In The Game: A Response to the Loneliness of a Minor-League Intern

I had a great write up that was mostly pictures of the Weezer concert planned for today, but then a friend of mine sent me the link to this article. While well written, this kid seems to want to guarantee he never works for a team, ever. I understand you want to be a scout and work on the baseball ops side, but do you know how many other people want to do that but are totally willing to do the grunt work too? Let's break this down. I have to be honest, it took me several attempts to read through the whole article. You can read his article first, if you'd like. 
milb internships
Definitely one of my best outfits, maybe I should be a fashion blogger...
I'll be very honest here, I genuinely appreciated all of my internship experiences, and I was technically paying to work [you know, had to take the "internship credit" course and pay tuition for the "hour"]. An internship is defined as "a temporary position with an emphasis on on-the-job training rather than merely employment, and it can be paid or unpaid." [According to google.] When Leo first starts explaining the application process he claims "Who wouldn't want a 19-year-old who would work hard for low pay and be eager to learn the tricks of the trade?" [Now, remember this specific phrase, because he contradicts in a few paragraphs later]. He laments that there "is no single qualification that one must possess to get a chance in this industry" hellloooo it's an internship, first, second, MiLB is the industry for the "jack of all trades"

Leo then convinces an AGM that he was best qualified for the "general intern” position and that he wanted it more than the other people applying for the role. He then immediately belittles the role by saying "It appeared that pretty much anyone my age is qualified to become a minor-league general intern..." yes, because it's an internship role that helps you learn all aspects of MiLB, the best kind of internship to prepare you for a job. I'm assuming his interpretation of the role was that he would just get to hang out, watch baseball, take it easy, and "learn the ropes" of scouting.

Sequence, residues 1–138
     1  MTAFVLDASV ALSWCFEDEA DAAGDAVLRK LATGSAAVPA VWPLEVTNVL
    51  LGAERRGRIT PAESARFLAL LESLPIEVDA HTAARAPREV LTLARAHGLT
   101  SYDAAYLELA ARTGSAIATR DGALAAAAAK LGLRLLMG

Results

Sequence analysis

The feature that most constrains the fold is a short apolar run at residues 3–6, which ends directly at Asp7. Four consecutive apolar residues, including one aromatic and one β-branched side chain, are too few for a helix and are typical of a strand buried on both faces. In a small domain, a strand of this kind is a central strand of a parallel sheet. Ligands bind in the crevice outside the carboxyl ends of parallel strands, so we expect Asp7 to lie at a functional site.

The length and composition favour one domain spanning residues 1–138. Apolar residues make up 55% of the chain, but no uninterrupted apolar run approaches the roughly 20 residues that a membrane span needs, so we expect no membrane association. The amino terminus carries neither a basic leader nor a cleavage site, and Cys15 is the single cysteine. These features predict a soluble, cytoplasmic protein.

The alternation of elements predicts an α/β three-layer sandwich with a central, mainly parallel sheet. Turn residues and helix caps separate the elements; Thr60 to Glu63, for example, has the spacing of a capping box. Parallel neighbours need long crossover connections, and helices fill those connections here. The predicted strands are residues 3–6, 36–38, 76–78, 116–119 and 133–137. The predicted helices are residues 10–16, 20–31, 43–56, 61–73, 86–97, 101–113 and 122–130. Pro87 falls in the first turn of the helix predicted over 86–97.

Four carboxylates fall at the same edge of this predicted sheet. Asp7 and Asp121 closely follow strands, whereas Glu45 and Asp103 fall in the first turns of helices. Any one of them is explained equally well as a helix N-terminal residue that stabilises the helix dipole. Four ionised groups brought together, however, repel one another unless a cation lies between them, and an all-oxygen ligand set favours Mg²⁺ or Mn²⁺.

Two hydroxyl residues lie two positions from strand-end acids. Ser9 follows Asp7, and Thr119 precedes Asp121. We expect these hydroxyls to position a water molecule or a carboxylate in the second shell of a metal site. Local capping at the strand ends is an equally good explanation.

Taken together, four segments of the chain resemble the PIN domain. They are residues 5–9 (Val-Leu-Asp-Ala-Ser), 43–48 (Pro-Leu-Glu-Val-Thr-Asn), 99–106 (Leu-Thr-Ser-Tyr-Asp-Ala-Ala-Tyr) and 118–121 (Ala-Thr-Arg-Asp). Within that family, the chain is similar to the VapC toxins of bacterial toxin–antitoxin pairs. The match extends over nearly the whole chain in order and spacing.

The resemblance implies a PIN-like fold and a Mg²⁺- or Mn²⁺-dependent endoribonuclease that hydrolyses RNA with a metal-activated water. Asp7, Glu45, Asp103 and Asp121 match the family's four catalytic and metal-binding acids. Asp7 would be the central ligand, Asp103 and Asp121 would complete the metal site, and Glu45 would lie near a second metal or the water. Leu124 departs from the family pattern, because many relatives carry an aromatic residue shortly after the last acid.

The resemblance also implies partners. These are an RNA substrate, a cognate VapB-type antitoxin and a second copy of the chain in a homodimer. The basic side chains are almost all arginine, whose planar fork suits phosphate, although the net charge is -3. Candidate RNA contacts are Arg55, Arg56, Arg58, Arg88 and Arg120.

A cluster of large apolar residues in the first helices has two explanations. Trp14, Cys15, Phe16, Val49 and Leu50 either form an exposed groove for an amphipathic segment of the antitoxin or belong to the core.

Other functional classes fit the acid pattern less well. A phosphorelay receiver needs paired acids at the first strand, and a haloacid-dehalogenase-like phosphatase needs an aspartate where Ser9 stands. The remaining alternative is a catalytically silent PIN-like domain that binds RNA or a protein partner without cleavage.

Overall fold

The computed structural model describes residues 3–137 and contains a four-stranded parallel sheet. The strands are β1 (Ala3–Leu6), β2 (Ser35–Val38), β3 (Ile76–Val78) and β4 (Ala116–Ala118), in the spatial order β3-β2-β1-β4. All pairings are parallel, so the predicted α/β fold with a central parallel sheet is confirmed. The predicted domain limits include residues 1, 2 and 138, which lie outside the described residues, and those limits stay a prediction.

The internship begins in May [where Leo learns that working in baseball, you have to work some holidays, I laughed a little when he was surprised he would have to work Mother's Day.] He then goes on to describe his first day by using both "bored" and "boring" followed by "tedious." I can't tell if he's actually owning up to his naiveté or if he's being a jerk when he says "How naive of me to think interns get to watch the game." Seriously? No one just gets to kick back and watch the entire game, except maybe the owner. 

The next week he declares that he didn't like doing data entry, even jokes with "So you want to be a minor league intern, huh?" Seriously, dude? Then he declares that he "figured the job might not be the best route." Then he has the audacity to insinuate that the other front office staff employees had settled with their current roles. He uses the word "complacent" to describe their state, a word with a pretty heavily negative connotation.

I'm going to stop here for a moment, because this young man is pretty much the counter to the argument I made earlier this week that our generation isn't as bad as everyone makes us out to be. Some jobs in baseball are tough to get, others are nearly impossible. Leo has set his sights on a position that doesn't just fall into your lap, you have to make all of the right connections, be in all of the right places, and still have a heavy dose of luck on your side. Leo here complains that he felt "marginalized" in his role and then writes about the front office employees as if he's better than them. The self-described "19-year-old who would work hard for low pay and be eager to learn" I told you that phrase was going to be important.
Now, I am going to quickly wrap this up because the whole thing just makes my blood boil. Leo deigns the internship worthy of one more week. He then has to dress up as the mascot in the third week [better question, how did he make it to the third week as the general intern without having to dress up as the mascot?] and declares that he "was out." In closing, Leo claims to have learned "a lot" with the team and claims to be grateful [which pretty much contradicts his entire tone throughout the article to this point], quotes Billy Beane, and decides to make it you need computer smarts not mascot skills.

If I've said it once, I've said it ten million times, baseball is a very small industry. Everyone knows everyone and everyone talks to everyone. I assume that Leo didn't think about the future career related repercussions of this article or of his quick little three week internship "experiment" in MiLB. I am biased in this situation, because I wanted to work in an MLB front office, but my trip through the minors taught me more than I could have expected, turned into the best way for me to find my dream, and was an experience I was willing to take a low paying job requiring an hour commute one way to stay involved. You can read Leo's full article via Baseball Prospectus here.

I know a lot of my MiLB counterparts read along, do you feel like you've settled and lost the drive to chase your dream by making a name for yourself in the minors? Do you think I'm being too hard on Leo here?

1 comment :

  1. I read this article and laughed. Working in baseball ops and scouting is tough to break into. I think he just thought he could apply and get in.